“Home with God” by Father Mark S. Suslenko, Pastor, SS. Isidore and Maria Parish, Glastonbury, Connecticut
As we celebrated this past week, the very beautiful feast of Jesus' Ascension into heaven, I found myself reflecting upon the parable of the Prodigal Son. Now, as you sit here today, perhaps you're asking what could the parable of the Prodigal Son have to do with the Ascension of the Lord?
Remember in that very poignant story that we've heard many times over, and there is that pivotal point when that younger son goes to his father and he says, "Father, I want my share of the inheritance." I want my share of the inheritance. Henri Nouwen, the classical spiritual author, wrote a book, The Return of the Prodigal Son, and it's actually a reflection on Rembrandt's painting of the Prodigal Son. And in that reflection, he points to that moment when the younger son makes that request of his father. And what he says, what's really going on in that exchange, is this, that what the son is really saying without saying it is this: "Father, I can't wait for you to die." Father, I can't wait for you to die.
When we look at that in that context, it makes that request of the son even more offensive than it is at first glance. It really is a heartless rejection of the home in which that boy was born and nurtured and a true rupture and break with the traditions that upheld his request as being blatantly wrong. It was unheard of, then and even now, to make such a demand of one's father. That young man struggled with understanding the meaning of home, not in the physical sense, but in the spiritual one.
When Jesus ascended to his Father in heaven, Jesus simply went home. Jesus went home.
If we look at how Jesus taught and how he acted, he never lost touch with home. He knew inwardly where he came from and where he was going, and that allowed him to do the work that he had to do in between. You and I, in a deeply profound spiritual way, struggle with understanding our home. We struggle with staying home with God where we know we belong. It's almost as if we say to God, thank you, but no, thank you for the gift of life and for the promise of eternal life. But I'm gonna take that and go and do as I wish because I've got this. I can handle this. I know how to find happiness. I know where I need to go. It's not here, but I got it.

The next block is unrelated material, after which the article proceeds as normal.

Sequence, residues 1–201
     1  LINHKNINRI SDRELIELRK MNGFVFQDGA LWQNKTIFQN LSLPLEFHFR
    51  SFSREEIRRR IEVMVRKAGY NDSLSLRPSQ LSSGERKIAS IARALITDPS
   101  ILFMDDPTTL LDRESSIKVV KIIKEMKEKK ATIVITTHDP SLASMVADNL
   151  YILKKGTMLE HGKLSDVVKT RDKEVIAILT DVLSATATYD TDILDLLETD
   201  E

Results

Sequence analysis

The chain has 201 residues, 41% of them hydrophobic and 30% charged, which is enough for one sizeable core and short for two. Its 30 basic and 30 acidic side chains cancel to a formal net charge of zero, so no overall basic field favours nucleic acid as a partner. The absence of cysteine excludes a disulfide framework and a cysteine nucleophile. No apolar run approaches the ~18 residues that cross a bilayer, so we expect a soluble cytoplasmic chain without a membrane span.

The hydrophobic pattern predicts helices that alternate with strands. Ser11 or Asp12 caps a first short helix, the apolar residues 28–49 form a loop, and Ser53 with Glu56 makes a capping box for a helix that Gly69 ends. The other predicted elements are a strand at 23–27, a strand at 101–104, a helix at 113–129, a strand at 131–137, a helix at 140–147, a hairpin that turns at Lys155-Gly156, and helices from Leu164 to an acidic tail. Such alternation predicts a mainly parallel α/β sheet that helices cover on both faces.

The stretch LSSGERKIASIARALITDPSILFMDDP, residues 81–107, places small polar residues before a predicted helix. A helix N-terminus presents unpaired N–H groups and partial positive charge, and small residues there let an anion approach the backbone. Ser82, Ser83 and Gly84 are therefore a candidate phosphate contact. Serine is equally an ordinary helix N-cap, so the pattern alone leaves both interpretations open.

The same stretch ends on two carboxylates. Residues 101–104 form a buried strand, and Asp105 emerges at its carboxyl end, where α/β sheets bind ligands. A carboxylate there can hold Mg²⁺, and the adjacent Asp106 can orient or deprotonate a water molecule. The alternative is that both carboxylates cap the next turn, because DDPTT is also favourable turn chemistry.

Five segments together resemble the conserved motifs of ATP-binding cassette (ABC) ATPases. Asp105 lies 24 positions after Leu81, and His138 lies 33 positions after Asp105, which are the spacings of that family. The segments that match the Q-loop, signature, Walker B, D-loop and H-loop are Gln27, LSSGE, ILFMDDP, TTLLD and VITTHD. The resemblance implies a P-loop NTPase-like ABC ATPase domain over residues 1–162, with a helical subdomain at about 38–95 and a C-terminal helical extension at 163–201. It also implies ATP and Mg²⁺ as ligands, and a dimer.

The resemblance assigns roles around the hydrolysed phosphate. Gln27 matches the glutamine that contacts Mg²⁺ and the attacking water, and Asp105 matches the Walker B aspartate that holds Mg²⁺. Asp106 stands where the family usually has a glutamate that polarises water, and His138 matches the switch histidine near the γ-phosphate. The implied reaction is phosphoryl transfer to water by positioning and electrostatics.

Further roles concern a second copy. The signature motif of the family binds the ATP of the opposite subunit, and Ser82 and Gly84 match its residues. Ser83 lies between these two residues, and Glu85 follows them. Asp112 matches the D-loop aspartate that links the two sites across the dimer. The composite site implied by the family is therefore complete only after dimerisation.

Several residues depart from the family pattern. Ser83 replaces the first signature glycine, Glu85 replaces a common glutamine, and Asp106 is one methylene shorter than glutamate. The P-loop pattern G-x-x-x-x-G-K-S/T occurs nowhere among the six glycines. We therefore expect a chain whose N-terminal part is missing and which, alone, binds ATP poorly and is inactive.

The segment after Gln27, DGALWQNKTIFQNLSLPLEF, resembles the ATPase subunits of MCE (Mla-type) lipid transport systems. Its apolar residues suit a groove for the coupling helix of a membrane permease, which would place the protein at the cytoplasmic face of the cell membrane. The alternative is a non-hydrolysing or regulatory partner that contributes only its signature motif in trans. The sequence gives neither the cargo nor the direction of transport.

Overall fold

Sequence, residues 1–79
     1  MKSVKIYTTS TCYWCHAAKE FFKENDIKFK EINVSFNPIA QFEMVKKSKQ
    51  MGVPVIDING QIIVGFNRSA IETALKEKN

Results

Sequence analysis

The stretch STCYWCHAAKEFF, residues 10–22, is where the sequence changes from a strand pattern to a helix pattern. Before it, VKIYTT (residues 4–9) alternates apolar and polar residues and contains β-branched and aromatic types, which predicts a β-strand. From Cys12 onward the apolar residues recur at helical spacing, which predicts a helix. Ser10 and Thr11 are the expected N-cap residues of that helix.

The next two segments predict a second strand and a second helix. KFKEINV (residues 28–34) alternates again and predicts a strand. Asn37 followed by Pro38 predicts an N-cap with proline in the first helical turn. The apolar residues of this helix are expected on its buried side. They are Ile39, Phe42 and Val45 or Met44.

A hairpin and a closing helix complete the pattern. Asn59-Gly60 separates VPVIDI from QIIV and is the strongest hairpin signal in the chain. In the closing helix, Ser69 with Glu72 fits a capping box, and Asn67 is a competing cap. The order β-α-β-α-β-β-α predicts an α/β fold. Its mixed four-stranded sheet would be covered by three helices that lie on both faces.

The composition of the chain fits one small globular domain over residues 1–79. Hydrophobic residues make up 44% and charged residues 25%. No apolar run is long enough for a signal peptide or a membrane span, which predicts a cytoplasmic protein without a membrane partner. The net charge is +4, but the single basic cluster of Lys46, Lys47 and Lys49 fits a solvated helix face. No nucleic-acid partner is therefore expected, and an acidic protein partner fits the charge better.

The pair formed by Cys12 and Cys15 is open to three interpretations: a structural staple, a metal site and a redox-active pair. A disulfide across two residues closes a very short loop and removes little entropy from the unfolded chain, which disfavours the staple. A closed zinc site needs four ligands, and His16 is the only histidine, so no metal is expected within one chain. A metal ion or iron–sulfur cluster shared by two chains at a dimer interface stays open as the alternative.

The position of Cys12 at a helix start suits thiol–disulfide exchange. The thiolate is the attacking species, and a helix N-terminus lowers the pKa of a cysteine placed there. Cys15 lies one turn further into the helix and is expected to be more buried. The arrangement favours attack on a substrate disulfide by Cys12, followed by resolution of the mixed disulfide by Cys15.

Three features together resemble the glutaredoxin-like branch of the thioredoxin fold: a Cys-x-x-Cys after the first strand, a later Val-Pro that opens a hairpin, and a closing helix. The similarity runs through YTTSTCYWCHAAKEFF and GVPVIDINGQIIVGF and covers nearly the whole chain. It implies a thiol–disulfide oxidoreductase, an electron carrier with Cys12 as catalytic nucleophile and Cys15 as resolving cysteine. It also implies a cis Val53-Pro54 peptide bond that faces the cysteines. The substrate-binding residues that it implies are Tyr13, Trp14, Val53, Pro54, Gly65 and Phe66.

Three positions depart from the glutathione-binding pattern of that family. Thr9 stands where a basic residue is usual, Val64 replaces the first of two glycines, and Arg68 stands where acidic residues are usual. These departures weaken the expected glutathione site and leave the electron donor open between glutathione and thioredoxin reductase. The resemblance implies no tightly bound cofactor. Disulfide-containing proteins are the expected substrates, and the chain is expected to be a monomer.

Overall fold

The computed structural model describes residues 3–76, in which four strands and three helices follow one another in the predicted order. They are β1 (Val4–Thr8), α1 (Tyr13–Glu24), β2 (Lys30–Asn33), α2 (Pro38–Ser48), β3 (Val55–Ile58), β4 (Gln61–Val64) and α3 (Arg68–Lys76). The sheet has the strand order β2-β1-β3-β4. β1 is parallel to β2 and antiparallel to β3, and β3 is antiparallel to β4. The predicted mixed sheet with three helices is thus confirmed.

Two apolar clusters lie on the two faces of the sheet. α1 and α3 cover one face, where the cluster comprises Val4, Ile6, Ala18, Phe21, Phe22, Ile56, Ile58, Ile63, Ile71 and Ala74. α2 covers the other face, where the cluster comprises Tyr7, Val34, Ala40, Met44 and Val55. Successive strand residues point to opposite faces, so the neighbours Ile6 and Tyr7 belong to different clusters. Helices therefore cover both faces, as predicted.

And so, without being a bad person, so to speak, we often find ourselves drifting away. Moving away from our center, from our focus, from where we know we really need and ought to be. We can find ourselves easily self-absorbed, even in things that may be legitimate at the time. We find ourselves misguided, confused. The enticements of the world wanna convince us of illusions about ourselves, illusions that promise some measure of contentment or happiness, and try one after the other; we fail to realize that none of that will ever satisfy this longing, this ache, this pining of our soul to find home. And so, in this seemingly endless search, we continue to look, and we continue to be disappointed.
Faith and good, healthy religion exist to keep us focused. To point to home, to remove some of the misguided notions, to break apart the illusions, to clear up the cobwebs of our minds and souls, to remove us from our self-absorption, and focus us outward and elsewhere to tell us who we are. Where we're going and who we ultimately are meant to be. We struggle with not only who we are but where we belong, who has claim over the essence of my soul.
In a very tender exchange between Jesus and his father, he says, "Of those who first believed, they belonged to you, and you gave them to me. What a tender exchange of trust and entrustment. He says those same words to us: "We belong. We belong to God.”